Objective: To determine the impact of simulation-based instruction on student performance in the role of emergency department resuscitation team leader.
Methods: A randomized, single-blinded, controlled study using an intention to treat analysis. Eighty-three fourth-year medical students enrolled in an emergency medicine clerkship were randomly allocated to two groups differing only by instructional format. Each student individually completed an initial simulation case, followed by a standardized curriculum of eight cases in either group simulation or case-based group discussion format before a second individual simulation case. A remote coinvestigator measured eight objective performance end points using digital recordings of all individual simulation cases. McNemar χ2, Pearson correlation, repeated measures multivariate analysis of variance, and follow-up analysis of variance were used for statistical evaluation.
Results: Sixty-eight students (82%) completed both initial and follow-up individual simulations. Eight students were lost from the simulation group and seven from the discussion group. The mean postintervention case performance was significantly better for the students allocated to simulation instruction compared with the group discussion students for four outcomes including a decrease in mean time to (1) order an intravenous line; (2) initiate cardiac monitoring; (3) order initial laboratory tests; and (4) initiate blood pressure monitoring. Paired comparisons of each student’s initial and follow-up simulations demonstrated significant improvement in the same four areas, in mean time to order an abdominal radiograph and in obtaining an allergy history.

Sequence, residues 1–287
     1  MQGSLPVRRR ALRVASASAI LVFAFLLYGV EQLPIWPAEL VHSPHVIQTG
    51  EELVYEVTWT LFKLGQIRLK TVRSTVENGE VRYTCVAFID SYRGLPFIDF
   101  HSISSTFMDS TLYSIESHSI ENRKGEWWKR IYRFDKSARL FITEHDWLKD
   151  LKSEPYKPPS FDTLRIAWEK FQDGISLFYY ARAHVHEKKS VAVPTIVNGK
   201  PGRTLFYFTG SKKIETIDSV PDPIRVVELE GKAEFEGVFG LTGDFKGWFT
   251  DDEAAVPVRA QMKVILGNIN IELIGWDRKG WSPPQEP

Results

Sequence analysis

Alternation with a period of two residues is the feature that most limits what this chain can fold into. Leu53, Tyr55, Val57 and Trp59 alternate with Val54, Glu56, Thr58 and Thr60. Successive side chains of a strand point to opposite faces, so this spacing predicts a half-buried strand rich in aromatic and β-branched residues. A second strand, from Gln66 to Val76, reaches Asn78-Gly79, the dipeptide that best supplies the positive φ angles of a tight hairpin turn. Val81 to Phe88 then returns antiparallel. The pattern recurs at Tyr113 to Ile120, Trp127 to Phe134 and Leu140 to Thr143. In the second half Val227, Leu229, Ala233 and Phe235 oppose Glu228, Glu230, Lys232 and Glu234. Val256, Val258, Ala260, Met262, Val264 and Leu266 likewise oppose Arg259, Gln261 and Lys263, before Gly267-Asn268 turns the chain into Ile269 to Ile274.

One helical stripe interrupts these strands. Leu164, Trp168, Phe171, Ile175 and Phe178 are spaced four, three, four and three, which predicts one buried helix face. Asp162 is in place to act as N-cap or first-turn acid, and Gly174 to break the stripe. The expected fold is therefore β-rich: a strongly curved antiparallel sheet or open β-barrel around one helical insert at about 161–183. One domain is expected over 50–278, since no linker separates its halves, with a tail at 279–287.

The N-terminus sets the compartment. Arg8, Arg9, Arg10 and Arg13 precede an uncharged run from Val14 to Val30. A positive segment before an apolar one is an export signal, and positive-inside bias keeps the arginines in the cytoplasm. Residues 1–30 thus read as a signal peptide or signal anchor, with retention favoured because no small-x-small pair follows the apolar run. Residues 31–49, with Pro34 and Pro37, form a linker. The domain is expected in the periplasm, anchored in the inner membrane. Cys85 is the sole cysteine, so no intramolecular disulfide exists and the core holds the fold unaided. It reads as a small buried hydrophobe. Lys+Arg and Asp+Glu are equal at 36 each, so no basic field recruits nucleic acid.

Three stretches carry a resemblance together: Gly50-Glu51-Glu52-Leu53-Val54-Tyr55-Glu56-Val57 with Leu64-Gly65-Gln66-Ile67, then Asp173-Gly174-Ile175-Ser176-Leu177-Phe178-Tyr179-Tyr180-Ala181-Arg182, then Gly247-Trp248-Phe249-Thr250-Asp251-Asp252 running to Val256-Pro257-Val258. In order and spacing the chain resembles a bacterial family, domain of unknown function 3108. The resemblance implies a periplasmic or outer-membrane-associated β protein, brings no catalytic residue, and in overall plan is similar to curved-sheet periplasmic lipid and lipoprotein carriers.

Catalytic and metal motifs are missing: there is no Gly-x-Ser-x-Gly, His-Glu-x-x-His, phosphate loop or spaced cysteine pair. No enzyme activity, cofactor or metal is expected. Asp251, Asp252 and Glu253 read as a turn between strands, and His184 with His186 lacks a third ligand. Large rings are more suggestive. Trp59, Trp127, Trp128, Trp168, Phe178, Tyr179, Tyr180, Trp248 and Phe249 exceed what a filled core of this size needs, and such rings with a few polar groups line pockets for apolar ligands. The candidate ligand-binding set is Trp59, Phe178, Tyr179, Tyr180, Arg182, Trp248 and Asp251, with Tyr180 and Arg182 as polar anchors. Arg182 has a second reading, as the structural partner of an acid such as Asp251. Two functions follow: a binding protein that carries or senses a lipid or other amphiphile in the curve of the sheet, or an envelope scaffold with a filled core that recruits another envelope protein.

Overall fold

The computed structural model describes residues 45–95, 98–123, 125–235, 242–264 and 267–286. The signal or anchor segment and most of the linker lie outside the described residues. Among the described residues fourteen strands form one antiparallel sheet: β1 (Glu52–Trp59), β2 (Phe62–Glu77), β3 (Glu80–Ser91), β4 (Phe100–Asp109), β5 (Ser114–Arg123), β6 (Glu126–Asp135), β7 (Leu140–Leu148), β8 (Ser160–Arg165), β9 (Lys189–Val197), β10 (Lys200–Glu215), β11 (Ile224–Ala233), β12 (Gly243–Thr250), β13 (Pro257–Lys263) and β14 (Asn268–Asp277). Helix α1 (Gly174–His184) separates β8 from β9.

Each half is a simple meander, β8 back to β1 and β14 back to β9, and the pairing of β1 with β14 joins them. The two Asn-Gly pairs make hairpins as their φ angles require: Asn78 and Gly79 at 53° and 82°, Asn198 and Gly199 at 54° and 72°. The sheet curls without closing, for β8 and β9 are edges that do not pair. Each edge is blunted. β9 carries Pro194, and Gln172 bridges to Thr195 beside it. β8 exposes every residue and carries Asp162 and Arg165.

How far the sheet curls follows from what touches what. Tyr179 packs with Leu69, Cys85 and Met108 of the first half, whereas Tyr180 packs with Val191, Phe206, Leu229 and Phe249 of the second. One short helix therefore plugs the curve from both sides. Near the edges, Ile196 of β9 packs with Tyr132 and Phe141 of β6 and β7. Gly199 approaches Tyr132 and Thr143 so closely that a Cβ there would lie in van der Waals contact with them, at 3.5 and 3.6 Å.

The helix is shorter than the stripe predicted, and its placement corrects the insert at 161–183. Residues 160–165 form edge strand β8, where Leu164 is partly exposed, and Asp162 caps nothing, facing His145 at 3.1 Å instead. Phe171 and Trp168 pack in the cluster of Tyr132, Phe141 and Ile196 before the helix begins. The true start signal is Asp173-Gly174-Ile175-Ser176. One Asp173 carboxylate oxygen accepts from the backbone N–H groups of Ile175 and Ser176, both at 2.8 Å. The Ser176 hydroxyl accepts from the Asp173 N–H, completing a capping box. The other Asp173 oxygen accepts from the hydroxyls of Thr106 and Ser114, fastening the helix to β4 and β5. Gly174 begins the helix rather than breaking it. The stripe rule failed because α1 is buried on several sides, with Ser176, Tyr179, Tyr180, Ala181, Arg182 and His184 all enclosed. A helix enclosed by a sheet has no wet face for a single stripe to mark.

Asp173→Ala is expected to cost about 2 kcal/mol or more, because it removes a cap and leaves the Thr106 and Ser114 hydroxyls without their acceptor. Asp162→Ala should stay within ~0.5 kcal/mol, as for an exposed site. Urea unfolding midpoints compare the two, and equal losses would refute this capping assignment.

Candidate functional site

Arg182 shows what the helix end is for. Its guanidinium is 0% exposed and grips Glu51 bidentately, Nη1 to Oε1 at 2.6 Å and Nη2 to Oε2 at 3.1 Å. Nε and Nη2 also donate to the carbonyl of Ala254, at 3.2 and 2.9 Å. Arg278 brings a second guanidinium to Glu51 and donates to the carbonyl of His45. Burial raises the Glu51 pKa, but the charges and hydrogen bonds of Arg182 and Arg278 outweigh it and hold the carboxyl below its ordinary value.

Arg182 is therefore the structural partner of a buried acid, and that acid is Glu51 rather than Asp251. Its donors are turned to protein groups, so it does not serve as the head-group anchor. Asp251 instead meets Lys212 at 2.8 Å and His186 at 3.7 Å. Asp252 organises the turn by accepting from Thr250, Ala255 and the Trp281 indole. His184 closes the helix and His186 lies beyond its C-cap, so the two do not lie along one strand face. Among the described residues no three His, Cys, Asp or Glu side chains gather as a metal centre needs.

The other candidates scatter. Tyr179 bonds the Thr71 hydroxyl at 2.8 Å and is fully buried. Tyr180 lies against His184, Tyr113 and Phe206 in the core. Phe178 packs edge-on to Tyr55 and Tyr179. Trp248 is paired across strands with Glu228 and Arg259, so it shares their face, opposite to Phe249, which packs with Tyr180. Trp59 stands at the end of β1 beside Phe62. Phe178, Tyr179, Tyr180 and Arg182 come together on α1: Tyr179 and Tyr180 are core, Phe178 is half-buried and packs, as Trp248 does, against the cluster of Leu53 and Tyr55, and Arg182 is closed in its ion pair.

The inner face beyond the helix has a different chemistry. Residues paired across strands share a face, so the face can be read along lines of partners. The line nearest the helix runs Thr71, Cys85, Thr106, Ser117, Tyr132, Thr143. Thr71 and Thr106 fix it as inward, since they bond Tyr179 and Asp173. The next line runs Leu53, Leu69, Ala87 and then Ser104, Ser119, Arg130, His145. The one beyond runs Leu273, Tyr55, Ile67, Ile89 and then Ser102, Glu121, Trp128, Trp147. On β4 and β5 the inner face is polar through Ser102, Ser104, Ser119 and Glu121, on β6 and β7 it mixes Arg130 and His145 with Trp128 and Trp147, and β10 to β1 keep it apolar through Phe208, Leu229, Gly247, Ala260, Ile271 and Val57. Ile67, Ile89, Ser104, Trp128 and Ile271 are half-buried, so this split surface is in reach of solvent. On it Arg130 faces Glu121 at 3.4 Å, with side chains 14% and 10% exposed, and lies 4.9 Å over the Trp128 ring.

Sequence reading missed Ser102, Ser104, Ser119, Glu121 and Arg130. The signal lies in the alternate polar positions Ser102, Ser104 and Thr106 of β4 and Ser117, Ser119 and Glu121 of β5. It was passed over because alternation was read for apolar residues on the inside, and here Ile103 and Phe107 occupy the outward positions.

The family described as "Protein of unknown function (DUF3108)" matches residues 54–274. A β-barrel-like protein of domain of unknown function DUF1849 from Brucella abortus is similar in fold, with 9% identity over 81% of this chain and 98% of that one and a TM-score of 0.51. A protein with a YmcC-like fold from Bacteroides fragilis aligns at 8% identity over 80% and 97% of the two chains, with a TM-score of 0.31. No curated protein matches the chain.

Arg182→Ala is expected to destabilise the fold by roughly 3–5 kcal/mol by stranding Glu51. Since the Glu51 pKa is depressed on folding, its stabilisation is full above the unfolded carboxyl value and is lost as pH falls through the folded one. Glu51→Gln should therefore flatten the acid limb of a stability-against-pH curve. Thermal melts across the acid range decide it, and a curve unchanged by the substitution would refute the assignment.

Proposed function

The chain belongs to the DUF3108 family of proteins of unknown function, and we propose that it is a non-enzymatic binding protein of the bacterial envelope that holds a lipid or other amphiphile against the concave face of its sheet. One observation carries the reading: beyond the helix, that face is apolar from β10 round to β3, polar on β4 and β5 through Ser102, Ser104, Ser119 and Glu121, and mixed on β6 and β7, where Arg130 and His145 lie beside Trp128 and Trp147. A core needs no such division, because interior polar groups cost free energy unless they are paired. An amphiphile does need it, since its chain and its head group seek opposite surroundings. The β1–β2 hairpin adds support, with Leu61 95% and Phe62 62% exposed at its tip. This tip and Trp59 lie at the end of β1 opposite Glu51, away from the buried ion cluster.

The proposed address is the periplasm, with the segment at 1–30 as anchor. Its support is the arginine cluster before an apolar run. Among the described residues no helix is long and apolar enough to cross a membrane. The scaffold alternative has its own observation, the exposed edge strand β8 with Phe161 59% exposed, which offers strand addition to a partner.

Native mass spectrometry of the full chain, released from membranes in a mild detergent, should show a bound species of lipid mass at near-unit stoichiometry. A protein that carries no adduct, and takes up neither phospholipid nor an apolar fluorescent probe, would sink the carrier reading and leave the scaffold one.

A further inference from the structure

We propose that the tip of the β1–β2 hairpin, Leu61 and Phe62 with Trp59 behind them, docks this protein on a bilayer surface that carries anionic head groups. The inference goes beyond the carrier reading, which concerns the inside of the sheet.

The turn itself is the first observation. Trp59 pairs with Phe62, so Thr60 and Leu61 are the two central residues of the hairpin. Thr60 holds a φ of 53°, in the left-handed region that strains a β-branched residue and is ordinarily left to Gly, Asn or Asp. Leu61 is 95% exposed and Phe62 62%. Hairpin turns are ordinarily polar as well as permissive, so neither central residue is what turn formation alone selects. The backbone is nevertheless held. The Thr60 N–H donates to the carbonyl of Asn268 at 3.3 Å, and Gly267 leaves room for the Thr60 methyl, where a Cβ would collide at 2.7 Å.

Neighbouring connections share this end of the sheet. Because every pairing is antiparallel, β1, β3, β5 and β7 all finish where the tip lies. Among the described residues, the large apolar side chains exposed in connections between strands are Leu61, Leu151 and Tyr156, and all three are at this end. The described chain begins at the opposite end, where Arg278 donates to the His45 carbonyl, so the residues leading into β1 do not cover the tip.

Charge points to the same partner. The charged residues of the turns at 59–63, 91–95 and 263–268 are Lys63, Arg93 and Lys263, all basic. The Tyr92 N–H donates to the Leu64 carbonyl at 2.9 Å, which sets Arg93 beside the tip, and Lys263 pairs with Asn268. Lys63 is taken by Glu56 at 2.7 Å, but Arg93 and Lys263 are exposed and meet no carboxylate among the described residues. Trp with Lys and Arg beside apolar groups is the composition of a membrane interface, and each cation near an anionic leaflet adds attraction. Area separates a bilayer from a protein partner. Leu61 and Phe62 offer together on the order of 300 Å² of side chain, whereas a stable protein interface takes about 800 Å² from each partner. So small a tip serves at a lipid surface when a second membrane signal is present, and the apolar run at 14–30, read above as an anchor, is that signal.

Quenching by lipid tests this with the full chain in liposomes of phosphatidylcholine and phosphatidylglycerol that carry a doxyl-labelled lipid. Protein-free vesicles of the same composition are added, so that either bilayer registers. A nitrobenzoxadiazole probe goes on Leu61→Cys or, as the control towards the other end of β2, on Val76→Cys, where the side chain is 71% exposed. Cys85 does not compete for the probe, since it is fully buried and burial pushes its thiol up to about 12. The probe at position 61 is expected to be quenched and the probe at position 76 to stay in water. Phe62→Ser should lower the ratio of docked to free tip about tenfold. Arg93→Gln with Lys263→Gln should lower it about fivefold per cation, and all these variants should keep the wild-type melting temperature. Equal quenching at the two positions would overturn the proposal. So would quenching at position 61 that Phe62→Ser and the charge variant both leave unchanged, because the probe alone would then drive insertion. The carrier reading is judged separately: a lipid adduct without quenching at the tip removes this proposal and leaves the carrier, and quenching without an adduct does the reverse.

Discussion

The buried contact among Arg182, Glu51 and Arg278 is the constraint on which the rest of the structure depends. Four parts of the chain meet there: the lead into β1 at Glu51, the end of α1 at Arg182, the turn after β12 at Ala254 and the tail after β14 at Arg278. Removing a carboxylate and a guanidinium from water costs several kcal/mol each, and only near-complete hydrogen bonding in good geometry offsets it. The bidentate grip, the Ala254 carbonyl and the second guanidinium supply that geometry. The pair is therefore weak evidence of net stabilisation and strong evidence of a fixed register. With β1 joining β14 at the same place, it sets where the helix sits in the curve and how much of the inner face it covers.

Conclusions: A single simulation-based teaching session significantly improved student performance as a team leader. Additional simulation sessions provided further improvement compared with instruction provided in case-based group discussion format.
From the Department of Emergency Medicine (R.P.T.E., J.M.B., G.C.H.), Boonshoft School of Medicine, Wright State University, OH; and Department of Emergency Medicine (M.T.), Medical College of Wisconsin, WI.
Abstract presentation at poster session of the 2009 IMSH meeting, Orlando, FL.
Reprints: Raymond P. Ten Eyck, MD, MPH, Department of Emergency Medicine, 3525 Southern Blvd., Kettering, OH 45429 (e-mail: Raymond.firstname.lastname@example.org).